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July 18 - August 15, 2015

Ripley Whiteside
A Peaceable Kingdom

Andreas Rutkauskas
Oil!

Opening Saturday July 18th from 3pm to 5:30pm

372 Ste-Catherine West suite 216
Montreal, Quebec, Canada
H3B 1A2

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RIPLEY WHITESIDE  /  ANDREAS RUTKAUSKAS


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RIPLEY WHITESIDE


The “New Nature” in Ripley Whiteside’s A Peaceable Kingdom

A primary source of inspiration for Ripley Whiteside’s series of drawings is American painter Edward Hicks’s (1780-1849) series, The Peaceable Kingdom (c. 1825-49), which literally depicts the Bible verses Isaiah 11:6-8; paintings portray, for example, a wolf lying down with a lamb. Unlike Hicks’s works, Whiteside’s drawings, made with both homemade “all natural” as well as manufactured inks, are not religious but secular – animalist, rather than humanist. Whiteside has depicted his animal subjects life-size, the better to confront us. He has also very deliberately represented the animals looking back at us. The returned gaze has particular significance in western art. Edouard Manet’s painting of a prostitute, Olympia (1863), discomfited nineteenth-century viewers, because they were used to female nudes who looked away coyly or covered their eyes with their arms, making their bodies accessible to the (male) viewer. In Manet’s work, Olympia’s returned gaze was read as confrontational and antagonistic. The returned gaze also signifies consciousness, agency, interiority and, if we are to consider the religious precedent for Whiteside’s drawings, the returned gaze may well be interpreted as indicative of the soul.

The animals’ returned gazes hold us in our place; they hold us accountable for our actions and decisions. We are looking at these animals, but with their gazes turned back on us, we see ourselves complicit in the state of the natural world today. However, Whiteside is not sure how we can be held accountable. Indeed, in conversation with me he noted that our behavior (frequently violent to ecosystems) might be difficult to distinguish as unnatural; we have become the guiding force of evolution. With this in mind, the title A Peaceable Kingdom takes on an ironic ring.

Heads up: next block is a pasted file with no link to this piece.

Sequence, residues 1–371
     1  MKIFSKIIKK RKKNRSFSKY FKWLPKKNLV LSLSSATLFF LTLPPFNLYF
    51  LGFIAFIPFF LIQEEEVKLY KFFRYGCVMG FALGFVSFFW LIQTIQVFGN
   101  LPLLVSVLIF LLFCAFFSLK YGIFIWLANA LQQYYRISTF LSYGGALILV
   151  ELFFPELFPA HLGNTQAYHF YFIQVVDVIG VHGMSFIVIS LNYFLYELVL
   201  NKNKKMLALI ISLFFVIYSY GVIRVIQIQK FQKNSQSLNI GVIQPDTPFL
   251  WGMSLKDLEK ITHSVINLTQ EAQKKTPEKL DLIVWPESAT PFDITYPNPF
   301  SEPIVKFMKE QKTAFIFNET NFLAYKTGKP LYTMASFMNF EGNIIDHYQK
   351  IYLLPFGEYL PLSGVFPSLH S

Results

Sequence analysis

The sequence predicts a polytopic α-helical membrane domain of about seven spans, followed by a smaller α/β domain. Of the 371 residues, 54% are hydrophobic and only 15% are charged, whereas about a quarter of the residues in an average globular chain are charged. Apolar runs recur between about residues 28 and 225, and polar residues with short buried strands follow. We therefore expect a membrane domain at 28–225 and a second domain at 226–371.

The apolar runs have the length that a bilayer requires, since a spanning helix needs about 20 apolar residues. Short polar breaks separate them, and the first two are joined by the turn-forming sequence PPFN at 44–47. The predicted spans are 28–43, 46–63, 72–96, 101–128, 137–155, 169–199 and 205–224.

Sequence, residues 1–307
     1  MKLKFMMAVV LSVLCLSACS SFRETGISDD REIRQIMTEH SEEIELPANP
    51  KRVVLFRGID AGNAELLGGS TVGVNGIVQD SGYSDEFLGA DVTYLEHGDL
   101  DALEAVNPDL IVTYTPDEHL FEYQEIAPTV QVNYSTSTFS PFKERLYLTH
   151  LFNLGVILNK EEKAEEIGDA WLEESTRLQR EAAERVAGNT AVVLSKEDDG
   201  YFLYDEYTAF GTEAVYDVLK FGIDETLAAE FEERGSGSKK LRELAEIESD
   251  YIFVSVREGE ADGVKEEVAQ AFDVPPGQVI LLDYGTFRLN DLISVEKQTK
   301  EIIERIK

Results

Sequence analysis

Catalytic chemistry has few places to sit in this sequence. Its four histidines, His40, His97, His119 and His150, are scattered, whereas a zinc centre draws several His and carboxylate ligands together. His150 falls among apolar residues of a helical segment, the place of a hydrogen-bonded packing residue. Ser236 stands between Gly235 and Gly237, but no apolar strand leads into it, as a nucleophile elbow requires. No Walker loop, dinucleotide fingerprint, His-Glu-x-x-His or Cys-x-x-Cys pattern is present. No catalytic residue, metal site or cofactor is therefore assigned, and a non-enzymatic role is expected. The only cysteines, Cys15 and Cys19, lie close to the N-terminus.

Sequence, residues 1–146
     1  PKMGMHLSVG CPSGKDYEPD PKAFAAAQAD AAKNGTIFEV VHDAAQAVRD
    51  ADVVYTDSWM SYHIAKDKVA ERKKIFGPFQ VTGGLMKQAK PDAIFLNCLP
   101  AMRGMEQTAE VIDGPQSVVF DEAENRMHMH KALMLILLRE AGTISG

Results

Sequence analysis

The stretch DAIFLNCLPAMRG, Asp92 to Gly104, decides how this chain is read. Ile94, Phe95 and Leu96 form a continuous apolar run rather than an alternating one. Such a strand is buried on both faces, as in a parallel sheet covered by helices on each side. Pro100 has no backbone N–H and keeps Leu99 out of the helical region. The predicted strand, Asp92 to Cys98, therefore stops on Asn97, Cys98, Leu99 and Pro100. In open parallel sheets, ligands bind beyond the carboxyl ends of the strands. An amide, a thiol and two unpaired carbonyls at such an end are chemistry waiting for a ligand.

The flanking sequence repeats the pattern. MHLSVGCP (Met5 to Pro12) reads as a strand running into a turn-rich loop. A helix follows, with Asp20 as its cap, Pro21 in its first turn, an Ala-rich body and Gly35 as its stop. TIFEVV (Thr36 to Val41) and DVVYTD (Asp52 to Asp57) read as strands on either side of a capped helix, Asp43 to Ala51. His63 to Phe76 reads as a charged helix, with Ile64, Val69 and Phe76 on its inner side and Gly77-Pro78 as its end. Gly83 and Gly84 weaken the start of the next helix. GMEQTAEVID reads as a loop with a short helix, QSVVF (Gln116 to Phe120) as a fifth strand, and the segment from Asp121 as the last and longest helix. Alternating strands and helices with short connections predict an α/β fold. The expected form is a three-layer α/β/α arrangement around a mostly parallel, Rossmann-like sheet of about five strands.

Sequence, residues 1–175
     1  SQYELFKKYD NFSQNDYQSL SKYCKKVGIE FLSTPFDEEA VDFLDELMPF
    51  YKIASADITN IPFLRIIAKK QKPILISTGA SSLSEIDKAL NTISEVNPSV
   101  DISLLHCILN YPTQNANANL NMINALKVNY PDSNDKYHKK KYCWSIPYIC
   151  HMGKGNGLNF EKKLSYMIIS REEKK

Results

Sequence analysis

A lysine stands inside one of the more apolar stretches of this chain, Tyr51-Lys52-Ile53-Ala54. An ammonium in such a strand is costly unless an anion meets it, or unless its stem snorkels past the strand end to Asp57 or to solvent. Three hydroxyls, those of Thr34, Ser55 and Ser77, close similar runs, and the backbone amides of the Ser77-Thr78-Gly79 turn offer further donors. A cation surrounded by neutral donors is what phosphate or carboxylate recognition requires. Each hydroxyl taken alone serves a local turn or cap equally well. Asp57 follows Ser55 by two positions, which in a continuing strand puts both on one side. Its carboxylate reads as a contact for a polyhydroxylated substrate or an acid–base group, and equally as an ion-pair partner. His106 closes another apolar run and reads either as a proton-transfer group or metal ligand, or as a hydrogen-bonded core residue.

Another source of inspiration for Whiteside’s series was Stephen M. Meyer’s The End of the Wild (2006). Meyer’s book drives home the negative impact that humans have had on the environment, and is particularly concerned with the extinction crisis. He identifies three categories of species: relics (species that have moved to the margins in order to survive), ghosts (those that will not survive on a planet with billions of people), and weedy species (those that thrive in continually disturbed environments). Meyer shows, ultimately, that we are among the weediest of species. But the hubris of humankind makes us believe that resources are unlimited and we often turn a blind eye to the deterioration of our planet.

In this series, Whiteside selected animals from a range of spaces – both natural and human-made – found on the island of Montreal. Many of his non-human animal subjects are based on multiple visits to the Biodome, while others can be found (or are available) in pet stores, in bodies of water, on Kijiji, at the SPCA, in houses and apartments, and (at least seasonally) in parks and areas of open land. Each drawing has been given a title inspired by different areas in the island: Pierrefonds, Notre-Dame-de-Grâce, Côte des Neiges, and Rosemont, among others. Likewise, all the backgrounds are landscapes actually present in Montreal. This is the new nature in which we live, where flora and fauna must exist in concordance with all aspects of human activity. In these drawings, animals are “unboxed” (to use Whiteside’s term); that is to say they are removed from the confines of their typical existence on this island, and here are considered a part of a fantastic (albeit, paradoxically, realistic) ecology.